I don't like to do a negative review, either, but TN wants the truth from their reviewers. We aren't doing them any favors by sugar coating our opinions.

I've not been impressed with their offerings, with the exception of a children's dvd of Bible stories that my grandkids adored.

Jessica Nelson said...

Jeanette, sadly I have to agree. The last few books I've read for them don't seem to have strong spiritual themes AT ALL. I'd rather read secular fiction than the watery stuff I'm getting from them. I did like their kid stuff too, though. :-)

Jody, I'd like to believe there's story problems, but the book had a lot of five stars so really it may've just been me. I wouldn't have written this review except I have to in order to get more books. *grin*

Jessica Nelson said...

Diane, that's true. Critiquing does require an uncomfortable level of honesty sometimes.

anita said...

Wow! That IS a beautiful cover. Jessie, you did a great job with the review. And you didn't come across as negative at all. You stated clearly that your take on it was subjective, and then listed why it didn't work for you.

You were honest. And that's one of your best qualities. It's also why you have such a great following on this blog. :-)

As for when I last told a painful truth? Hmmm. I can't remember. I try to avoid those. HA!

No, really, it was most likely during a crit session or something. I really can't remember an exact instance. I do think I block out things like that after the fact. I don't like remembering having to hurt someone's feelings ... even if it was for the best. Bleck.

Susan J. Reinhardt said...

Hi Jess -

You stuck to the facts and didn't make any personal attacks on the writer. With thrillers/suspense, jumping into the action is critical.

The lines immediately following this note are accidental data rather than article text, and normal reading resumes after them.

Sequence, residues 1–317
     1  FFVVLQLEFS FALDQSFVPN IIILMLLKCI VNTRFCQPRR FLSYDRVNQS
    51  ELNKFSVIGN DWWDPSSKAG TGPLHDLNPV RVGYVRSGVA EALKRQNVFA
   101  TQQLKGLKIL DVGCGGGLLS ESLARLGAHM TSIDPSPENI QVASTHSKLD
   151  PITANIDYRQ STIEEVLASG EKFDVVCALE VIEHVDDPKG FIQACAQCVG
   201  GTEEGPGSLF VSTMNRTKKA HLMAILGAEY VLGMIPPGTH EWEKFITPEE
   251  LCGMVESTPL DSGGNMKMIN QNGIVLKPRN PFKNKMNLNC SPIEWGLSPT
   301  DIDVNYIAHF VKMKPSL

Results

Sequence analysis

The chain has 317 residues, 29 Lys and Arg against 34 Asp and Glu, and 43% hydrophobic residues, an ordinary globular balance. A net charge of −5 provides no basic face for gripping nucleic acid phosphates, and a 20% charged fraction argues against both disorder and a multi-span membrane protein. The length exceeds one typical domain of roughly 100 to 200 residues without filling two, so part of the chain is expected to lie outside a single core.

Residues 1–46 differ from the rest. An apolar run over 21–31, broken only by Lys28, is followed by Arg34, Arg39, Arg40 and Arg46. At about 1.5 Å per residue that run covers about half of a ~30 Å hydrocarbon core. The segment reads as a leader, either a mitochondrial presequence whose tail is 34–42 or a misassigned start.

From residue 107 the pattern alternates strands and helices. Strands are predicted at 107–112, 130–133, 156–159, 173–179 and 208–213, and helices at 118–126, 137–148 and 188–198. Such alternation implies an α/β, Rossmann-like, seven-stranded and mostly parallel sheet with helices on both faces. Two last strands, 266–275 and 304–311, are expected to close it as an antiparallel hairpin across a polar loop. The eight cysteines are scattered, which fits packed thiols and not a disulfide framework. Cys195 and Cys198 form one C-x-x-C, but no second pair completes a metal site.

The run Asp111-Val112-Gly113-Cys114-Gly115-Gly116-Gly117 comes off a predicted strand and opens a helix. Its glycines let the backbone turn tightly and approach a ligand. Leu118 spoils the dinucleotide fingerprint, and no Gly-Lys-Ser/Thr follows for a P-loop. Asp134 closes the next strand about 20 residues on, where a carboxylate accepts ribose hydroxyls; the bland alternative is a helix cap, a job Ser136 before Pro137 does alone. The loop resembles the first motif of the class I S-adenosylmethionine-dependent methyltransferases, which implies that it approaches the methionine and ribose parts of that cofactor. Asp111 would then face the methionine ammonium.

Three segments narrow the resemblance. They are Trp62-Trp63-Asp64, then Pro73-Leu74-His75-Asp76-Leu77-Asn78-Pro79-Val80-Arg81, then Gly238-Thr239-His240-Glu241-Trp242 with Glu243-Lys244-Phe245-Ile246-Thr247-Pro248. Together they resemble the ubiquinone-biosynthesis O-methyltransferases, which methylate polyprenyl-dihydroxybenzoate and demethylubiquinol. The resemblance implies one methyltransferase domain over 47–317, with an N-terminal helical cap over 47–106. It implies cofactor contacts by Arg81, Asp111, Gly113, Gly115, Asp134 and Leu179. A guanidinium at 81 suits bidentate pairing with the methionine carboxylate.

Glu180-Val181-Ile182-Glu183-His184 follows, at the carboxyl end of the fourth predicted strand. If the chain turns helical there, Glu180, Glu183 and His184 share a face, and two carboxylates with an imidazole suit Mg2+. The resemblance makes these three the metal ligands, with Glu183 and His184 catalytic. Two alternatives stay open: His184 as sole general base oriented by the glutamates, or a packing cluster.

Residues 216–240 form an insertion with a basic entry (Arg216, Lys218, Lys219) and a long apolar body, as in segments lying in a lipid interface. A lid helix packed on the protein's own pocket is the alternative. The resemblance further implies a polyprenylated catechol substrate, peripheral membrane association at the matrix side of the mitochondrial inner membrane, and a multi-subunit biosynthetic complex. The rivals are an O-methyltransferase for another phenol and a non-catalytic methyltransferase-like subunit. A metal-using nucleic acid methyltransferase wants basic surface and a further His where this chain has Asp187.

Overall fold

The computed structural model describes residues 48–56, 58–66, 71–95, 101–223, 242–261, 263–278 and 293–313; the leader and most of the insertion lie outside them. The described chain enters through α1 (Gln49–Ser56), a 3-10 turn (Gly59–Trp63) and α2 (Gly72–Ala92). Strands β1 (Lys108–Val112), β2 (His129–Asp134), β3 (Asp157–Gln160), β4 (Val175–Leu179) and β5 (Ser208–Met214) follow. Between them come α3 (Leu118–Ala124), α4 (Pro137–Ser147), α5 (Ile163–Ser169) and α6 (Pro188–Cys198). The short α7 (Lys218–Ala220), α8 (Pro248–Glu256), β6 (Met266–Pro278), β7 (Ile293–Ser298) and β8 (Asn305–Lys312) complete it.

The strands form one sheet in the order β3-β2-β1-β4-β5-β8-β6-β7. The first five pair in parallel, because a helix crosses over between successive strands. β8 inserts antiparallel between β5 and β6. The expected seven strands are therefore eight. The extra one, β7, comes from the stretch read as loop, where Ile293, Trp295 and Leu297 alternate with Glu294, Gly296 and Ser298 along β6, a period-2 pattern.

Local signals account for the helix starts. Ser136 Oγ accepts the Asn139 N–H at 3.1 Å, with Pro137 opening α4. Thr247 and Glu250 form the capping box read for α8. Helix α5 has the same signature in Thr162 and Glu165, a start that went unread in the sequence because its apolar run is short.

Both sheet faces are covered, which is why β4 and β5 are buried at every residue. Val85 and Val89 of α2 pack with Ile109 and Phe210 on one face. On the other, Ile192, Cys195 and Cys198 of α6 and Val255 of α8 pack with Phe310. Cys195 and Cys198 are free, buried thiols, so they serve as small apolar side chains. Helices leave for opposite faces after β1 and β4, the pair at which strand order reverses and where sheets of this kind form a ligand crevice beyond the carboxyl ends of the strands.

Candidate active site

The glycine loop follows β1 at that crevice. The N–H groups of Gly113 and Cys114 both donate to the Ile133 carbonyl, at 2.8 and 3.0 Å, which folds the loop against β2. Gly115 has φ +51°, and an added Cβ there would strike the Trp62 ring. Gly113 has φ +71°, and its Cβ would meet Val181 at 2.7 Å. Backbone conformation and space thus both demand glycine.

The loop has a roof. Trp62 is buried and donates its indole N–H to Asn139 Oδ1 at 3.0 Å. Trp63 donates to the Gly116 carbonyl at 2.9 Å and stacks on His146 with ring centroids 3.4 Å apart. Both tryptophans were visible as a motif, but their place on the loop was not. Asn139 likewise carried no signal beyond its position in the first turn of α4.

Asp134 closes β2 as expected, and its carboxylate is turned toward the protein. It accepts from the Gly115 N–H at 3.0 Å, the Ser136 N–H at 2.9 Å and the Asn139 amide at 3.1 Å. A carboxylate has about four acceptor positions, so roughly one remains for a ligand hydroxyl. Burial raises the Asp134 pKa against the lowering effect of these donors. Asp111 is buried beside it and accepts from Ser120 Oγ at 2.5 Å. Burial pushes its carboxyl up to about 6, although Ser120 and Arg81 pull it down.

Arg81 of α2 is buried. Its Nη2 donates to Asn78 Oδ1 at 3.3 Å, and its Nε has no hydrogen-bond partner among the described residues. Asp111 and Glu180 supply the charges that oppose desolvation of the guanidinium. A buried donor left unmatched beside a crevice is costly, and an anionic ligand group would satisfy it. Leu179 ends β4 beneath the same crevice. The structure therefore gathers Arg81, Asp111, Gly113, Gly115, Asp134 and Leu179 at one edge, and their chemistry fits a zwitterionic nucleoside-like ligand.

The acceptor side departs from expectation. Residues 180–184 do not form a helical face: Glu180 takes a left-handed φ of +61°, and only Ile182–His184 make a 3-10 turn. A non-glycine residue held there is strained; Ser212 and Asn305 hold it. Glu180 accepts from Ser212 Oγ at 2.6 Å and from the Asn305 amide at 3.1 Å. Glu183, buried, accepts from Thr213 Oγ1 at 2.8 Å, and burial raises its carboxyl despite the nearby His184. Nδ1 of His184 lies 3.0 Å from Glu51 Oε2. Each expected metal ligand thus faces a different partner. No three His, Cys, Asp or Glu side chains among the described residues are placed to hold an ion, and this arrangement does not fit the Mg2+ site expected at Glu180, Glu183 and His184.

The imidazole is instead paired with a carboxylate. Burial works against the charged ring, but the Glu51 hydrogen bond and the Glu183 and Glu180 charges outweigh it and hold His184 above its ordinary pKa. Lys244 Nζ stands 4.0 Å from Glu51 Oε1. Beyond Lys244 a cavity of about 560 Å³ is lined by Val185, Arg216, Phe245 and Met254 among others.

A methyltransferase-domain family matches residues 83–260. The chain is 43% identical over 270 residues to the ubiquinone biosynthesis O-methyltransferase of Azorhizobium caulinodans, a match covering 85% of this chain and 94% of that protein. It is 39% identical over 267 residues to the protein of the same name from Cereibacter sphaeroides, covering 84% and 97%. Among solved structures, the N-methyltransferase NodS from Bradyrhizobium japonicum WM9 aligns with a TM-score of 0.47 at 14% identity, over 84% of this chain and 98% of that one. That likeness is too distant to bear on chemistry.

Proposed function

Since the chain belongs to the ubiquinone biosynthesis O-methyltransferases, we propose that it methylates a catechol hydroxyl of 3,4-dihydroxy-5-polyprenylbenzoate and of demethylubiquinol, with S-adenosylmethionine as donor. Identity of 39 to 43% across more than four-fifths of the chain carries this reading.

I like reviewing for Multnomah/Waterbrook. It seems their books satisfy my reading tastes. Most of the books I recommend are my personal choices. I'll only feature them if I liked them.

Blessings,
Susan :)

Erin said...

I didn't think this was a negative review. It was an honest review in which you acknowledged subjectivity and did your best to explain why the book didn't work for you.

I might be a bit disappointed, if I were the authors, but I certainly wouldn't be upset. And honest reviews like this one make the good reviews you get to give so much more valuable!

Tastefully done, in any case. And thanks for sharing it!

T. Anne said...

OMGosh Jessica I love you! That you wrote a honest review and heartfelt (you were not throwing spears) just raises my admiration of you!!!! I think you're awesome!

Jessica Nelson said...

Hahaa! Anita, I try to avoid those too. :-) I'm glad it doesn't come across too negative. I'm definitely not made to be a critic. lol

Susan, in order to get another book, I have to do the review. Thanks for mentioning Multnomah. I think I might go check them out...

Jessica Nelson said...

Erin, thank you so much for you sweet words. :-)

T. Anne, girl, you're making me blush.

Nancy J. Parra said...

You are so right, stories are subjective. I'm like you, I hate to give bad reviews but like to be honest. So I will usually start with, "I am not the audience for this book." :) Because every book has it's own audience.

Thanks for sharing and being honest. cheers~

Warren Baldwin said...

You have character! It is hard to do a good review of something you have a hard time with. I think you handled this one very adroitly. "A word fitly spoken is like apples of gold in settings of silver." You did that.

Linda Kage said...

I'm all about that "if you can't say something nice, don't say anything at all" motto. If I really can't stand a story, I probably won't even talk about it.

But I like how tactful you are. Very professional!

Jill Kemerer said...

Thank you for sharing this review, Jessica. I think it's important for all of us authors to be objective about our work, even when we get published.